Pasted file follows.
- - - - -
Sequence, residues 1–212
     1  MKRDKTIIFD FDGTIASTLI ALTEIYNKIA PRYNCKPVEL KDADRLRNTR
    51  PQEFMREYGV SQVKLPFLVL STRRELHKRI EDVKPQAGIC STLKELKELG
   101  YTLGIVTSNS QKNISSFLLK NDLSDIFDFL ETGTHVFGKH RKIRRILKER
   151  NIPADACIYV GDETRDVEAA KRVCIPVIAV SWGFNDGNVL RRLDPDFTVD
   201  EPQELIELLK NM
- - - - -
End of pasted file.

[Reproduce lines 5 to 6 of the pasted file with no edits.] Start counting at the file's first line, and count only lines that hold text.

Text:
   151  NIPADACIYV GDETRDVEAA KRVCIPVIAV SWGFNDGNVL RRLDPDFTVD
   201  EPQELIELLK NM